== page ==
I concur to a degree. Certainly the have a narrow path to wake on fragile ground. But al-Sadr is not in Qom for his health (at least not entirely). In addition, the active clandestine elements have been busy. they are not taking anything for granted, but they are close to accomplishing their first objective, which was to undermine American Democratization efforts. We are going to have to make some serious payola to get this back on track.

    Quote Originally Posted by cape_royds View Post
    The Syrian and Saudi diplomats have been working hard on Lebanese issues, with at least some success. This Saudi-Syrian conduit may prove useful in helping to achieve a regional modus vivendi with regard to Iraq, too, since the Syrians have good relations with Iran. The Egyptians will feel a bit excluded, but with Mubarak focused on the succession problem at home, I'm not sure Egypt is in a position to exert much influence in Iraq.
    (COMMENT)

    I agree that the Saudi's are in a better position to intervene in the Lebanese issues. But it is going to take some fancy talking to get Iran to lighten-up on the Iraq front. In fact, I see our use of the US-Saudi--Syrian connection as a possible sign of weakness and just make the Iranians press harder. On very close inspection, I don't have very much faith in our Foreign Service careerist for any delicate work. The current generation of leaders, has not inspired me. They are rather pompous for the lack of solid performance they've demonstrated over time.

    Quote Originally Posted by cape_royds View Post
    All-round this isn't a bad situation from a US perspective. In a way Bush has remodelled the politics of Middle East--just not the way he thought he would. But the Arabs, Persians, and Turks are showing a lot more imagination and flexibility than anyone would have given them credit for just a decade ago.
    (COMMENT)

    WOW! I would like to hear more on this. Maybe I'm just old, but I am not satisfied with the state of affairs anywhere from the Mediterranean Coast to the Persian Gulf.

    Maybe you could give me some insight. I would like to see the positive side.


    Quote Originally Posted by cape_royds View Post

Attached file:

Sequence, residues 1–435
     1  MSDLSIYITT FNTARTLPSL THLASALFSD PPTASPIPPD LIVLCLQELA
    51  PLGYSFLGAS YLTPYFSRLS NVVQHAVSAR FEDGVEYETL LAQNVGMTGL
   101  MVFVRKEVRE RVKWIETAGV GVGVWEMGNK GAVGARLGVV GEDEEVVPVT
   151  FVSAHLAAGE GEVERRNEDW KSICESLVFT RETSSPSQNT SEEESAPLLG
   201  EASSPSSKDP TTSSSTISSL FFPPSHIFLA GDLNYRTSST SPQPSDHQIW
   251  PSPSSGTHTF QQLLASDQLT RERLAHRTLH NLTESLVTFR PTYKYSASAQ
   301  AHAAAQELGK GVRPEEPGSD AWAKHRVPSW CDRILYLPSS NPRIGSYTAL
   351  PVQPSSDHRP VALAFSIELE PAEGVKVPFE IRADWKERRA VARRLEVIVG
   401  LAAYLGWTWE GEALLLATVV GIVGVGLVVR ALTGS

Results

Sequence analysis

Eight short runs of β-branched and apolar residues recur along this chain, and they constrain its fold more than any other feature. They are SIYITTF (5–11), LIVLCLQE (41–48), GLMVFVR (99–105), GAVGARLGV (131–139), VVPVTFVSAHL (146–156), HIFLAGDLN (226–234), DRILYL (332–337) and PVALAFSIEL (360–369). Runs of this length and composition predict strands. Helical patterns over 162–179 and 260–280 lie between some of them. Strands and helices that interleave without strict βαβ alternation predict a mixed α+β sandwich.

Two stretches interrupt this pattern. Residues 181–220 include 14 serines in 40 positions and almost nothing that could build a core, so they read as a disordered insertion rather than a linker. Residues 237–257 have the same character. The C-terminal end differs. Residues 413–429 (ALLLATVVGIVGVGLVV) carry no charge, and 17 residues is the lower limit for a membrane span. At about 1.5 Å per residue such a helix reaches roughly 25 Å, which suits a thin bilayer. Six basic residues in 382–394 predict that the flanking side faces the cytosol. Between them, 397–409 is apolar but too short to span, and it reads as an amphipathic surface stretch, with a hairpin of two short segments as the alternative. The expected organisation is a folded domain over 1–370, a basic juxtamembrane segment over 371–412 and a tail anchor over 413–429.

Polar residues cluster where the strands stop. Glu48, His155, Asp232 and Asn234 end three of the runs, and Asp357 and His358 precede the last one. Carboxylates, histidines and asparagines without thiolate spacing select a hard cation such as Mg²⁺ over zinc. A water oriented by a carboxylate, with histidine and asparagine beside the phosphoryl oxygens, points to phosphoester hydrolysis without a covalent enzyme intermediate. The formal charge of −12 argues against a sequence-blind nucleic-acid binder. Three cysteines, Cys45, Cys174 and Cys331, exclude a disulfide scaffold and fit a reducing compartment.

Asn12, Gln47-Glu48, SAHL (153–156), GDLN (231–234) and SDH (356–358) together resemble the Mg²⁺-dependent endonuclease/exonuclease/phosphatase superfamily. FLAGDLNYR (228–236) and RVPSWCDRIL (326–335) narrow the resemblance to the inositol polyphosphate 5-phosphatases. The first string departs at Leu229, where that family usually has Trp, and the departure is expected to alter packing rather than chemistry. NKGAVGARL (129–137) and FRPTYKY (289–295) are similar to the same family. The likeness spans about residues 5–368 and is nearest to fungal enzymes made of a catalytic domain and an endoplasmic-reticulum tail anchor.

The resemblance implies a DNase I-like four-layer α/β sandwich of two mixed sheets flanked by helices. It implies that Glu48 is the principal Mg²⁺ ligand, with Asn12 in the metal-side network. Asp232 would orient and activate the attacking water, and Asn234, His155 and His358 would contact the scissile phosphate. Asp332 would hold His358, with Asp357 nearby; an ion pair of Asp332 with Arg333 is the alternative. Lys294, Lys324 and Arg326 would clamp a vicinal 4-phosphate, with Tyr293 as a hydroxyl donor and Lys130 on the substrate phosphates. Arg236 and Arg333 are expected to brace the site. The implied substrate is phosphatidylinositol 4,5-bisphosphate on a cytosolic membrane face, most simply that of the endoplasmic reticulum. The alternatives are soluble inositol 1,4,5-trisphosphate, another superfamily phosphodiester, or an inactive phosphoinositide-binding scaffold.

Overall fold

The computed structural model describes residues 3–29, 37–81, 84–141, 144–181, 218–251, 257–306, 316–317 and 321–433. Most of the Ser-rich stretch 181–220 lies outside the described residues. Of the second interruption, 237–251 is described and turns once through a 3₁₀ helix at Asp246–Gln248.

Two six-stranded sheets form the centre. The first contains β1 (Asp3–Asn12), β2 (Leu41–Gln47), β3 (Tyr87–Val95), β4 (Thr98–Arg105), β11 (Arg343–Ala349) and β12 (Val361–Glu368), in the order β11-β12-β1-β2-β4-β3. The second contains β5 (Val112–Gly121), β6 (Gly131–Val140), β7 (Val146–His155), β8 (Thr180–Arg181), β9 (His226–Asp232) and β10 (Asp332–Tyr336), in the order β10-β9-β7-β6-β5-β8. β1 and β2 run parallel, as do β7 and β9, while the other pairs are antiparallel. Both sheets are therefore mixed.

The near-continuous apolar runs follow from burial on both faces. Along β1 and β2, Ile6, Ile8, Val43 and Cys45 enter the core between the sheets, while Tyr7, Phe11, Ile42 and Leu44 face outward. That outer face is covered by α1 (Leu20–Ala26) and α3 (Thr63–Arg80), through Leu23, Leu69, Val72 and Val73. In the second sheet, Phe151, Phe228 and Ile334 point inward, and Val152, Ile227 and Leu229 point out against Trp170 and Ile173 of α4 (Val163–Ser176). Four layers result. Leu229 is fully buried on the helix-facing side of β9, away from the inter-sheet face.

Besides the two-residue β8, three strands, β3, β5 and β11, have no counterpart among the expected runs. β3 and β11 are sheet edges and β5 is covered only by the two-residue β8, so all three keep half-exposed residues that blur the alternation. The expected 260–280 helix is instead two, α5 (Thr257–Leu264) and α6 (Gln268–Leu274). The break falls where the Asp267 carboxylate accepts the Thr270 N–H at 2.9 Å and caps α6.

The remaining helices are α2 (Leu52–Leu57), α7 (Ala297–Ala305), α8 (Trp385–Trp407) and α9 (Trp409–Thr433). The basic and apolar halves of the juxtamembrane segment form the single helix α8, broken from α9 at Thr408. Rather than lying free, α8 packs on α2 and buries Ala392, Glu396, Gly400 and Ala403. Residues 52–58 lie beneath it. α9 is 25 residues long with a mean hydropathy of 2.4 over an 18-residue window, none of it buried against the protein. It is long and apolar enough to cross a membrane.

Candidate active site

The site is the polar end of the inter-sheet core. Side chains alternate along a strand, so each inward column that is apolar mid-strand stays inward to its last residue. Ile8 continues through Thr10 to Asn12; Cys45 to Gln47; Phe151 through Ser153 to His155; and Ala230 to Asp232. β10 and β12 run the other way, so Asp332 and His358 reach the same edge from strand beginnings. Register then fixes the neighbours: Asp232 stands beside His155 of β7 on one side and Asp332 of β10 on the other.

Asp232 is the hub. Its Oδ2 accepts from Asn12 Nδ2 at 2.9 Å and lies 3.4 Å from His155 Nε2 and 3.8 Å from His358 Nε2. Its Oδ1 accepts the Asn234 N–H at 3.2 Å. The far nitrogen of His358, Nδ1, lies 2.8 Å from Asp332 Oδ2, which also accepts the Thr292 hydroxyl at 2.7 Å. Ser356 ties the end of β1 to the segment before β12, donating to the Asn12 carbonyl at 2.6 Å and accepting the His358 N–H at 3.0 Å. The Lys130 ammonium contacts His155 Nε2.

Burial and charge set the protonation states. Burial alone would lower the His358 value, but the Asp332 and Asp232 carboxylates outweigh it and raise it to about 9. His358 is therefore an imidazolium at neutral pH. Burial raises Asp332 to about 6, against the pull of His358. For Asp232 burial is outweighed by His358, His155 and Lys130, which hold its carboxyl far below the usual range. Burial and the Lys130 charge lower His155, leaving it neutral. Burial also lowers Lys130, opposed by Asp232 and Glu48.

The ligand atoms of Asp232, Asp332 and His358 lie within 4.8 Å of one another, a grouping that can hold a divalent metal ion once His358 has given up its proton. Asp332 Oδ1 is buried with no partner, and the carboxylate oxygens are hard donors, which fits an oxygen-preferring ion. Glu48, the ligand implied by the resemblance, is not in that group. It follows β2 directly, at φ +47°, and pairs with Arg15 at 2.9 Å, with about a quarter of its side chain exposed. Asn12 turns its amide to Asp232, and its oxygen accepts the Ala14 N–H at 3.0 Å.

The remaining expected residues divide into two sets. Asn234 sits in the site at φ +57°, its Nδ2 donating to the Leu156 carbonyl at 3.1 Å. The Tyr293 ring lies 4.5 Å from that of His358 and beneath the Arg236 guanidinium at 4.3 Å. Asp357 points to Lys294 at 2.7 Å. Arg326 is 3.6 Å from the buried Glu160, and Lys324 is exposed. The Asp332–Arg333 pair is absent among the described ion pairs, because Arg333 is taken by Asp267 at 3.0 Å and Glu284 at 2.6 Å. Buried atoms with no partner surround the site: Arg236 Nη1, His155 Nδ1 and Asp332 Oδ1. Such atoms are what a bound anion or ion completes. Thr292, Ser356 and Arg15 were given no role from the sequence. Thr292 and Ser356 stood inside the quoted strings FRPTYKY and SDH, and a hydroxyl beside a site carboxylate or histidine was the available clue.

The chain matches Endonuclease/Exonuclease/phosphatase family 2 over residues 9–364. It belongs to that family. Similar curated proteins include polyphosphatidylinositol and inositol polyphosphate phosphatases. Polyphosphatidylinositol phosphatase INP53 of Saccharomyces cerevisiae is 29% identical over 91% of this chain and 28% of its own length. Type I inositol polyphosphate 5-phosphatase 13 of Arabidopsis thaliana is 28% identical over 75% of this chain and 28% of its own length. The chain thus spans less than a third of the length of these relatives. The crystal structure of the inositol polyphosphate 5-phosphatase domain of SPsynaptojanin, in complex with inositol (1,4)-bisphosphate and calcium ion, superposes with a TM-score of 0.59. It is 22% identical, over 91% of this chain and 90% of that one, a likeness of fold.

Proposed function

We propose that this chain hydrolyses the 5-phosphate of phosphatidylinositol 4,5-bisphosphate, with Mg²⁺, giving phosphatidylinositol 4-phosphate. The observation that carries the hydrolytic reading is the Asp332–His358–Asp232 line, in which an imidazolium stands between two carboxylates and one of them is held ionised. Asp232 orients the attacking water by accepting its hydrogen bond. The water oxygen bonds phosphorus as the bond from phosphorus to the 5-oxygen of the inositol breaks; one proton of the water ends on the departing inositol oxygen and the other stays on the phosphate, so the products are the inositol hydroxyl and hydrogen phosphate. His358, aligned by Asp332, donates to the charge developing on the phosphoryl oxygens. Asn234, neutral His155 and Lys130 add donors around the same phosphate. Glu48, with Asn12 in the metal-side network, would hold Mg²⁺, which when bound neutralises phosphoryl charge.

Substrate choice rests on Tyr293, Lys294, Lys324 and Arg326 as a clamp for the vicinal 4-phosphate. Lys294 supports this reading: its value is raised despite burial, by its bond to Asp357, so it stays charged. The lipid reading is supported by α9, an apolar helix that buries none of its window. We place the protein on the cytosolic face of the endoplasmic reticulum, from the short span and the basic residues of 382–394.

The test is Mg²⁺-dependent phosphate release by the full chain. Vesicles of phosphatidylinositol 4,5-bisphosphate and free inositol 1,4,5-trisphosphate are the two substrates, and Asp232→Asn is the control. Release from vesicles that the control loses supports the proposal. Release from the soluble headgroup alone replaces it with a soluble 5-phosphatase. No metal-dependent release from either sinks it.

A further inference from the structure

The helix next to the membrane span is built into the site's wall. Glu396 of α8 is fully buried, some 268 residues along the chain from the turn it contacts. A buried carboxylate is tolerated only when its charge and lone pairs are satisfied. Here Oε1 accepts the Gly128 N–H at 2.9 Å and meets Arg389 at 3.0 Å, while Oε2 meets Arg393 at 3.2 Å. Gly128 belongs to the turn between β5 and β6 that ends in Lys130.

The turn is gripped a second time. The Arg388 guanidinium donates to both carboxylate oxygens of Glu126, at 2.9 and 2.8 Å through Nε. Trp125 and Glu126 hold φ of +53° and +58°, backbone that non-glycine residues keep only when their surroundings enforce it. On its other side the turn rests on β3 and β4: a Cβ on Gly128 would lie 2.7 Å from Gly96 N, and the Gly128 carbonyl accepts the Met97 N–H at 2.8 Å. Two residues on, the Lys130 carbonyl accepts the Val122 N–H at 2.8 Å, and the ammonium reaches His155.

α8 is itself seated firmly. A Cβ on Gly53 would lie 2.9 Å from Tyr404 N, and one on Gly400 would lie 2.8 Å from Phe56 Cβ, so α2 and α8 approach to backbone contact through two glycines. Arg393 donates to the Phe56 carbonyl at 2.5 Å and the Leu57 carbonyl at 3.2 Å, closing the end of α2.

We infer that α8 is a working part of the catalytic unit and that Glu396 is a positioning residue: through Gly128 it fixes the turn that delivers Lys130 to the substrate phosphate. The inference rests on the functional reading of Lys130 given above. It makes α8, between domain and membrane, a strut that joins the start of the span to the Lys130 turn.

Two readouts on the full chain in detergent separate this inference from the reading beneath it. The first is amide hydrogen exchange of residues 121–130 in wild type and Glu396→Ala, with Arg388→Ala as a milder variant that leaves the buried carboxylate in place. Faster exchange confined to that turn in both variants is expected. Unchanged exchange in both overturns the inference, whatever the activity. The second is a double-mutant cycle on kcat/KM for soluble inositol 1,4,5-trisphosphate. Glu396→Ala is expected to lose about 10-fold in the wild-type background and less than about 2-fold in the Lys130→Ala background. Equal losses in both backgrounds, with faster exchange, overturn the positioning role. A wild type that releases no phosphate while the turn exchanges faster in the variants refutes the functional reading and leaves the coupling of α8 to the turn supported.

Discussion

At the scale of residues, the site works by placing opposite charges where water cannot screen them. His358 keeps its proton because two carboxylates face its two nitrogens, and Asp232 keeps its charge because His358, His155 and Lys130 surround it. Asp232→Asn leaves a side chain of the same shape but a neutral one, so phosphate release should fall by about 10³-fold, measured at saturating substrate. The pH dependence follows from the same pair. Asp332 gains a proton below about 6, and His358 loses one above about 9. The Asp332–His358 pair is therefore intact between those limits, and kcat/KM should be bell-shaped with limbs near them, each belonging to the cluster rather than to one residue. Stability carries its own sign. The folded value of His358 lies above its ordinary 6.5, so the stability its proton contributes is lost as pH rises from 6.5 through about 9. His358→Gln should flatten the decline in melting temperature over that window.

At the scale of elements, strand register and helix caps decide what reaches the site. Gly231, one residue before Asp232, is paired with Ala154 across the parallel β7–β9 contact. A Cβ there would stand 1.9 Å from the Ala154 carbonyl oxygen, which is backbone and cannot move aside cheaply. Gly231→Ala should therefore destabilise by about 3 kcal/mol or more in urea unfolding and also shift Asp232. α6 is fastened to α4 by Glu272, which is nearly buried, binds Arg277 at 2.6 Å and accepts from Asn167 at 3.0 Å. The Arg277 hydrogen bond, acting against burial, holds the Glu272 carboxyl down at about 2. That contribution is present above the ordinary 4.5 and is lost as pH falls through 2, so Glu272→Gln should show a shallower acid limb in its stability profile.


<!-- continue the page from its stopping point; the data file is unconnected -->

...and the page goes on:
I approve in theory of the recent announced arms sale to Saudi Arabia. Intra-regional balancing should work just fine against a minor power like Iran which, even if equipped with a small nuclear arsenal, could never hope to exert any sort of "hegemony" in the region.
    (COMMENT)

    I agree on two points.

    • The arming of Saudi Arabia is not going to hurt the US. But I don't count on the Royal Family to act in our behalf.
    • I am not so concerned with Iran and the potential for a strategic nuclear launch capability. It will be much more of a burden for them (politically and militarily) - than most can imagine. It might give some prestige, but it is a capability that they could never use without being burned to the ground.


    Quote Originally Posted by cape_royds View Post
    However, I wonder if the implications of increased Saudi armament have really been thought through. What happens, for instance, when a popular revolution eventually happens in KSA, and some sort of Sunni fundamentalist regime duly takes power? Rather embarrassing, what?
    (COMMENT)

    That threat potential will be faced somewhere. I don't see the danger from fundamentalist to Saudi Royals being more than to Pakistan (which is already a nuclear power). It is inevitable that a state sponsor of terrorist will eventually fall to fundamentalists. It is beyond our ability to stop now, and as a nation, we are getting weaker - not stronger. Our influence, not only in the region, but pretty much everywhere, has been seriously damaged. Our Diplomacy is compromised and our military force projection is weakened. We might have to come to grips with the reality that someone else is going to have the lead in the influencing regional stability.

    Most Respectfully,
    R

Thread Information

Users Browsing this Thread

There are currently 1 users browsing this thread. (0 members and 1 guests)

Similar Threads

  1. The Battle for Tora Bora
    By astralis in forum Operation Enduring Freedom and Af-Pak
    Replies: 2
    Last Post: 09 Jan 10,, 00:06
  2. UK gets Supreme Court
    By JAD_333 in forum International Politics
    Replies: 25
    Last Post: 09 Oct 09,, 22:26
  3. Iraqi Troops in Push to Regain Control of Sadr City
    By Shek in forum The Middle East and North Africa
    Replies: 0
    Last Post: 21 May 08,, 03:05
  4. Radical Iraqi Cleric Expands His Reach
    By Shek in forum The Middle East and North Africa
    Replies: 0
    Last Post: 13 Mar 06,, 16:37
  5. Kerry Bad For America
    By KerryGoHome in forum American Politics & Economy
    Replies: 89
    Last Post: 04 Aug 04,, 22:34

Share this thread with friends:

Share this thread with friends:

Posting Permissions

  • You may not post new threads
  • You may not post replies
  • You may not post attachments
  • You may not edit your posts
  •